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Question
How are physicians paid in Canada?
Answer

The provincial and territorial governments of Canada are responsible for healthcare services provided within their jurisdiction, including the remuneration of physicians and other healthcare professionals. They work in collaboration with the Government of Canada to administer Canada’s Healthcare System – Medicare – under the terms of the Canada Health Act.

There are two primary methods by which physicians in Canada are paid:

  • Fee-for-service is an arrangement whereby the professional, acting as an independent and private contractor, is paid a set amount for each service provided. In 2015-16, 72% of all clinical payments to Canadian physicians were made using this method1.
  • Alternative clinical payment includes all payment arrangements other than fee-for-service. This method is growing in popularity among new physicians, having increased from 10.6% of total clinical payments in 1999-2000 to 28% in 2015-16. Examples of alternative clinical payment include the following2:
    • Salary: Regular payment made to a professional who is an employee of an organization and is responsible to managers for services provided. In Canada, salaried physicians, although they provide services within institutions, generally receive their salary from the provincial insurer rather than the institution in which they work.
    • Retainer: A minimum salary provided to a physician that can be coupled with fee-for-service payments to encourage service provision in areas of lower patient volume.
    • Capitation: Payment made according to the number of people on a patient list. The fee structure can include a premium for complex cases and may be adjusted for the socio-demographic profile of the patient population.
    • Target payments: Payments made for reaching a target level of services delivered that are particularly useful for preventive services.
    • Blended: Payment made using a combination of several remuneration methods. Emerging interdisciplinary primary care practice models (e.g., Family Health Teams in Ontario) combine salary, capitation, and sometimes fee-for-service compensation.
    • Block funding: A funding arrangement commonly used in Canadian hospitals, in which the institution is paid an annual amount to provide services. This amount is generally calculated according to the type and quantity of services provided the previous year and is adjusted for changes in demographics, healthcare costs, and inflation.
    • Funding by episode of care: A remuneration method in which fees are scheduled according to the patient’s diagnosis and classified in a way that reflects the average cost of care required for that diagnosis.

 

For more information about remuneration methods:

A profile of physicians in Canada in 2016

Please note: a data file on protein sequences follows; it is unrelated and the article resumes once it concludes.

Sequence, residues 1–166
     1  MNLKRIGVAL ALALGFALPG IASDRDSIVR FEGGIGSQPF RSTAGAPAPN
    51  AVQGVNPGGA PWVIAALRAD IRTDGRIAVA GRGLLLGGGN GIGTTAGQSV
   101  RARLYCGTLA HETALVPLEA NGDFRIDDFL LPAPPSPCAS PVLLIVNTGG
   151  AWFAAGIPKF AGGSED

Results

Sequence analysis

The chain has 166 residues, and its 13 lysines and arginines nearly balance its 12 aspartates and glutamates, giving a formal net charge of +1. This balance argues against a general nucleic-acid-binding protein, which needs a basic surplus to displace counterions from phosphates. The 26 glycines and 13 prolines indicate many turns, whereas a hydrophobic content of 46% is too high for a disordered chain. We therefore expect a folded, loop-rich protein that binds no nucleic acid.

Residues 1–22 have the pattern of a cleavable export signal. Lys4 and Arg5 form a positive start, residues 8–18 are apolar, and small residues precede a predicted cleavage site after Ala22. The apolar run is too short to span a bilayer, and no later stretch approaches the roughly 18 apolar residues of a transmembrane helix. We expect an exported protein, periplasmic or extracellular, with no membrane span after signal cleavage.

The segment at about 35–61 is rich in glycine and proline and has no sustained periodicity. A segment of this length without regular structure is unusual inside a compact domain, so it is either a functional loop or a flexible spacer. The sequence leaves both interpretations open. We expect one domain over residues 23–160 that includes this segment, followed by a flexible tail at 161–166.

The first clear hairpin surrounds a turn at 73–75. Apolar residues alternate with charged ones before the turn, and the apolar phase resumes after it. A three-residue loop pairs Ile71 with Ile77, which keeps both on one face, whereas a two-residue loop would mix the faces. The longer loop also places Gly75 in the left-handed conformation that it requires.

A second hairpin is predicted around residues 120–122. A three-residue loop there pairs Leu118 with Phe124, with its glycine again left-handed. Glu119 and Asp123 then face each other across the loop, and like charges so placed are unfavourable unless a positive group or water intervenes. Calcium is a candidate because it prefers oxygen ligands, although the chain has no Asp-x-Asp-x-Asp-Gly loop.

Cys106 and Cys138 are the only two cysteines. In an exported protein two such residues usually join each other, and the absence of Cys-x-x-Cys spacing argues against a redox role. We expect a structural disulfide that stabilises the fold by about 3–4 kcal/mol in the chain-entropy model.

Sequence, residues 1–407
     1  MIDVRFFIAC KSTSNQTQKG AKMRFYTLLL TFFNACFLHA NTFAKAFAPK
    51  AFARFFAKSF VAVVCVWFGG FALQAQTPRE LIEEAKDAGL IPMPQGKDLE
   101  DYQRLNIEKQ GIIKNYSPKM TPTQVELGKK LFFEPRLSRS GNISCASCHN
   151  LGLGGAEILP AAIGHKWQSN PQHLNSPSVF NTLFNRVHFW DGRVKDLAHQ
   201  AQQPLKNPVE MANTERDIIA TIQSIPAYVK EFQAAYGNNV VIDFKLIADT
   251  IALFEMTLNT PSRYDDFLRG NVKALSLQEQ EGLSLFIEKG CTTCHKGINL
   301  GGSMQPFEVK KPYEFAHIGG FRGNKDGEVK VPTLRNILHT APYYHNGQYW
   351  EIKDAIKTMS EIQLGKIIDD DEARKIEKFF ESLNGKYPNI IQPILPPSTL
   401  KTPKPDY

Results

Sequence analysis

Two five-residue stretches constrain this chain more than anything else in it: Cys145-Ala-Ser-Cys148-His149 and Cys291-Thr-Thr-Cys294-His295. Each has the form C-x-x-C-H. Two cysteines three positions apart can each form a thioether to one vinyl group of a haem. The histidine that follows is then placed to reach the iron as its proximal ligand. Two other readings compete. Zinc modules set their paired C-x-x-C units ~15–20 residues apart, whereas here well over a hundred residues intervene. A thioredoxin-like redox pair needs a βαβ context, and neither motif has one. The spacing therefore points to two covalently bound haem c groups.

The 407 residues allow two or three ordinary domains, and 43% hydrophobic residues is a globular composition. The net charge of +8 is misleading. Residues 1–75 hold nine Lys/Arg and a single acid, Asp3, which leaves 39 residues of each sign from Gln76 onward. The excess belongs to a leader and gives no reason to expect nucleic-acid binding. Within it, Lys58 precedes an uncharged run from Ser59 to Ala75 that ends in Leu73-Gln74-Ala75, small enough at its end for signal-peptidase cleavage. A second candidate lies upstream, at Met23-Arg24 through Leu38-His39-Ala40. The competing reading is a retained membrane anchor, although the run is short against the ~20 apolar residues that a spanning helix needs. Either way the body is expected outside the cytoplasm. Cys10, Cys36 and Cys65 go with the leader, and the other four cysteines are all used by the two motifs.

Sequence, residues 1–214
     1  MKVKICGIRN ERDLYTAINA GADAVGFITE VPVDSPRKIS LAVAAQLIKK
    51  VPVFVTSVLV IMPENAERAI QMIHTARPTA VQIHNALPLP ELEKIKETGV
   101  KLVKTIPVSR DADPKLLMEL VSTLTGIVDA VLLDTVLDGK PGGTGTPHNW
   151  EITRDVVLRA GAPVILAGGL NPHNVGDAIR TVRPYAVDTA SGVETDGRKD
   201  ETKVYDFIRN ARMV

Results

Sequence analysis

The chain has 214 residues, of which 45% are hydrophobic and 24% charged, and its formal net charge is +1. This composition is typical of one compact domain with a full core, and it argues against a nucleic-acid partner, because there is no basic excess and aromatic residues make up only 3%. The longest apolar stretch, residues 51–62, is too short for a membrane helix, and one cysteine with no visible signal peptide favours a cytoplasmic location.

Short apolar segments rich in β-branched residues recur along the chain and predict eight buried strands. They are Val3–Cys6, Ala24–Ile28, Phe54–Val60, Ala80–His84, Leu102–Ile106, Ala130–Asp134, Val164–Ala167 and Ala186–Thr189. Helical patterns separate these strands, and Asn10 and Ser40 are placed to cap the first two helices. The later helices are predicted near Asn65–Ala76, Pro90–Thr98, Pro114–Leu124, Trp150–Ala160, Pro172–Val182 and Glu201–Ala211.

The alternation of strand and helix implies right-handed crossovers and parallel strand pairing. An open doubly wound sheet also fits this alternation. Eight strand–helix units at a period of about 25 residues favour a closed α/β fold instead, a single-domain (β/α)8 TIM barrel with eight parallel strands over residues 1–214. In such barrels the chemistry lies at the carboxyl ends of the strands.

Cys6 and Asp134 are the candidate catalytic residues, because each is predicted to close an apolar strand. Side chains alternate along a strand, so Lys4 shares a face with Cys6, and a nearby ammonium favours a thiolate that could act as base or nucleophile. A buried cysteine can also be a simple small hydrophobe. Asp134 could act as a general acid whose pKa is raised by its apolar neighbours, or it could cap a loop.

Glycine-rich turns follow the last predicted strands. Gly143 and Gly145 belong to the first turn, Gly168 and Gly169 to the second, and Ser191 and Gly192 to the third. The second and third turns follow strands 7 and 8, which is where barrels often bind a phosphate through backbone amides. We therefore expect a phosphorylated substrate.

New in Practice Guide, Canadian Medical Association

2014 Survey Results, National Physician Survey

Canada’s Health Care System, Health Canada

National Health Expenditure Trends, 1975 to 2017

Glossary

Alternative clinical payments: Payment arrangements by methods other than fee-for-service. Some preferred methods include salaried, by capitation, and blended.

Blended: Payment made using a combination of several remuneration methods. Emerging interdisciplinary primary care practice models (e.g., Family Health Teams in Ontario) combine salary, capitation, and sometimes fee-for-service compensation.

Block funding: A funding arrangement commonly used in Canadian hospitals, in which the institution is paid an annual amount to provide services. This amount is generally calculated according to the type and quantity of services provided the previous year and adjusted for changes in demographics, healthcare costs, and inflation.

Canada’s Healthcare System – Medicare: An insurance program managed by the federal, provincial, and territorial governments that is designed to ensure that all residents have reasonable access to medically necessary hospital and physician services on a prepaid basis. The provincial and territorial governments are responsible for the management, organization, and delivery of health services for their residents.

Capitation: Payment made according to the number of people on a patient list. The fee structure can include a premium for complex cases and may be adjusted for the socio-demographic profile of the patient population.

Funding by episode of care: A remuneration method in which fees are scheduled according to the patient’s diagnosis and classified in a way that reflects the average cost of care required for that diagnosis.

Retainer: A minimum salary provided to a physician that can be coupled with fee-for-service payments to encourage service provision in areas of lower patient volume.

Target payments: Payments made for reaching a target level of services delivered. They are particularly useful for preventive services.